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COVID Loneliness and the Student

We are not yet out of the woods of the COVID-19 pandemic. So much change has hit so many of us, that we’re going to discuss the long-term fallout for years to come. One of the most obvious and immediate though is mental health. Student mental well-being has always been an important talking point, but the isolation, health anxiety and other issues has piled on more pressure.


Student Loneliness Isn’t New

Loneliness hits most students, and usually early on when you’re in a new town and haven’t yet got to know anyone. That usually falls away once you’ve made a few friends.

But this is different. Students started most courses in lockdown in autumn 2020, studying from their rooms and not mixing with fellow students. Most barely saw those in halls with them due to COVID-19 restrictions.

It also meant the end of student groups meeting up in real life – one of the best things about university life for extroverts and introverts alike. From creative pursuits to sport, LGBT groups and international students, such groups forge friendships on common interests.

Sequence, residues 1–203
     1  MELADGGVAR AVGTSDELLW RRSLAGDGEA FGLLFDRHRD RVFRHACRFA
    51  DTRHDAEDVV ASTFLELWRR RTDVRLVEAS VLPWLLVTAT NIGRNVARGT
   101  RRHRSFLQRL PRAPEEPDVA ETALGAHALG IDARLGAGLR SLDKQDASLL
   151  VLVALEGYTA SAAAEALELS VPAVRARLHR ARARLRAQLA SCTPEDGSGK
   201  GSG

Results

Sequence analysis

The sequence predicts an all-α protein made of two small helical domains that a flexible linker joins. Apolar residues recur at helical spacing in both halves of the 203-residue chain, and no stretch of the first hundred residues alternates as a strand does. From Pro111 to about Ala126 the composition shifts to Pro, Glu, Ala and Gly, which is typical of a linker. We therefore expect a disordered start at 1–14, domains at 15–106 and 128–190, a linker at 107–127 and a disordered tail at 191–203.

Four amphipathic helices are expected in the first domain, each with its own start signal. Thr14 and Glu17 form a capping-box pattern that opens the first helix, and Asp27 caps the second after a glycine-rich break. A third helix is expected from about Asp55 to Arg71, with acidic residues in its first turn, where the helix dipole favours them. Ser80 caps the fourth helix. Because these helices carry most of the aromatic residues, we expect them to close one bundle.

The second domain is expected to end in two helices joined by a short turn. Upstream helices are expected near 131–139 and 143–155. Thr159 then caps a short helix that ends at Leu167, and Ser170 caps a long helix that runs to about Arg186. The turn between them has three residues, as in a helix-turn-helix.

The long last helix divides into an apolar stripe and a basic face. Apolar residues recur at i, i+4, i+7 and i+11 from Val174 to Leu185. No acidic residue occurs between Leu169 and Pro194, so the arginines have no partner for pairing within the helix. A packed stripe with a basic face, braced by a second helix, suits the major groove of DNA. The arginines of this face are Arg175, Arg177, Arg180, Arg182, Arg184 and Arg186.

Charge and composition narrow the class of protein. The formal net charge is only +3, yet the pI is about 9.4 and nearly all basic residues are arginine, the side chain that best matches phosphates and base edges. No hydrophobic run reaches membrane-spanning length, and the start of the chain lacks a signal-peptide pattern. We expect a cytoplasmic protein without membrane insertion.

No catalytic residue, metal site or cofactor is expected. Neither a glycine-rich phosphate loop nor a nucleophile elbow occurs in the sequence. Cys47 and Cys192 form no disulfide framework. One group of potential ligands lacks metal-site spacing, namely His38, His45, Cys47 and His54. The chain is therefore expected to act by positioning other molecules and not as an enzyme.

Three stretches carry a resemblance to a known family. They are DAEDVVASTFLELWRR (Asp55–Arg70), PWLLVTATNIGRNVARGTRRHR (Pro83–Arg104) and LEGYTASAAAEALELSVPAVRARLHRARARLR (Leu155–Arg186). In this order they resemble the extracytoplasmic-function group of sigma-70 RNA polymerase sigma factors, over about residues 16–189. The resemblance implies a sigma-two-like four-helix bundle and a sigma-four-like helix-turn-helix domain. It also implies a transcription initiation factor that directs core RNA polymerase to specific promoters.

Current Research on Student Loneliness

There has been a knock-on effect from the autumn COVID restrictions. In a recent report, 44% of people (not just students) aged 18-24 said they had felt lonely during last year’s lockdowns.

When we look at students specifically:

  •         Many are stuck at home, unable to socialise with anyone other than housemates
  •         As many as 35% of students lived with parents this year, up from 10% in a “normal” year
  •         A UCL student in association with the Nuffield Foundation found student mental health suffered more than average during the pandemic


The Impact of Loneliness

We know that loneliness impacts mental health. The worst effects include paranoia, depression, and sometimes memory. It also impacts the hormones associated with stress, and all the negative connotations that come with that.

However, it seems social media use has increased in the last year too – some students say internet friends have helped keep loneliness and depression at bay. Yet some evidence suggests it can still not quite fill the social needs in the same way as meeting friends in real life.


Eased Restrictions May Not Be the Solution

As we have all become so isolated in the last year, we’ve become used to being on our own. However, the lifting of lockdowns – whenever that may be and no matter how much of the population is vaccinated – may not see this issue magically go away.

Some concerns have been raised as to the long-term effects of so much isolation. Students who have not properly socialised for 18 months may feel anxiety and stress as they readjust, and struggle with integrating into the return to normal.

Universities expect increased demand on mental health services from next year.